1. <communications> An old-style UUCP
electronic-mail address naming a sequence of hosts through which a message must pass to get from some assumed-reachable location to the addressee (a "source route
So called because each hop
is signified by a bang
sign (exclamation mark).
Thus, for example, the path
directs people to route their mail to computer bigsite (presumably a well-known location accessible to everybody) and from there through the computer foovax to the account of user me on barbox.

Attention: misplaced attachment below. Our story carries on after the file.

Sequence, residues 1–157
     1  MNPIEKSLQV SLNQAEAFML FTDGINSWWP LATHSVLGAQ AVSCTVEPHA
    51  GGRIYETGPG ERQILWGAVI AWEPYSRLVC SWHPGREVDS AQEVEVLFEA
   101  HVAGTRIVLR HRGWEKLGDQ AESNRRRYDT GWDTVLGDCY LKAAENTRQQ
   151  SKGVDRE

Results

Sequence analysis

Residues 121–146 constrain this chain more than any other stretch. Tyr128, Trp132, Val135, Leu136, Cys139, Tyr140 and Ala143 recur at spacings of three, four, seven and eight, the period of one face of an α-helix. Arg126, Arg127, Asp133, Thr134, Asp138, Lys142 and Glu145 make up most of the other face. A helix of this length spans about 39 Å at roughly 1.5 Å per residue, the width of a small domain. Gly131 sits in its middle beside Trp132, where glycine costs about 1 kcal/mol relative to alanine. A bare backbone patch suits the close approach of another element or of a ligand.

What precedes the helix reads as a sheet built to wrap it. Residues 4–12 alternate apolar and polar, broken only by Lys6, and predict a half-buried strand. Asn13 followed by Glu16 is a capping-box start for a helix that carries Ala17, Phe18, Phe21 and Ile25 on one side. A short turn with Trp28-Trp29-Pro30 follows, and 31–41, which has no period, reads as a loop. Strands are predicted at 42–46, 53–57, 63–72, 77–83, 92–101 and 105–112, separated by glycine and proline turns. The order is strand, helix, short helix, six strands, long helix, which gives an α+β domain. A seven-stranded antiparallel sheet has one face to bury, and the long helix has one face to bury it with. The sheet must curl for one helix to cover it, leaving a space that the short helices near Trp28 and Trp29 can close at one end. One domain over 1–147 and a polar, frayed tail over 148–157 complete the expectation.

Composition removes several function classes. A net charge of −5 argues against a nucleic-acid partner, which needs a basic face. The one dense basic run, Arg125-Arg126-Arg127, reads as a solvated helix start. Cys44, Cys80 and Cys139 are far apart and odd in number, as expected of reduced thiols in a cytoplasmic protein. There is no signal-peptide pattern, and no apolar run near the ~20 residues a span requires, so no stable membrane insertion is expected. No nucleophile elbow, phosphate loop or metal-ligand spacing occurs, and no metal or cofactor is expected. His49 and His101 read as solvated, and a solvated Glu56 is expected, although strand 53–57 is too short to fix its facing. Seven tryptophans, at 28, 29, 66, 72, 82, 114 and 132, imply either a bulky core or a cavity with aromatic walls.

Before autorouting mailers became commonplace, people often published compound bang addresses using the
convention (see glob
) to give paths from *several* big computers, in the hope that one's correspondent might be able to get mail to one of them reliably. e.g.
...!seismo, ut-sally, ihnp4!rice!beta!gamma!me
Bang paths of 8 to 10 hops were not uncommon in 1981. Late-night dial-up UUCP links would cause week-long transmission times.
Bang paths were often selected by both transmission time and reliability, as messages would often get lost.
2. <operating system> A shebang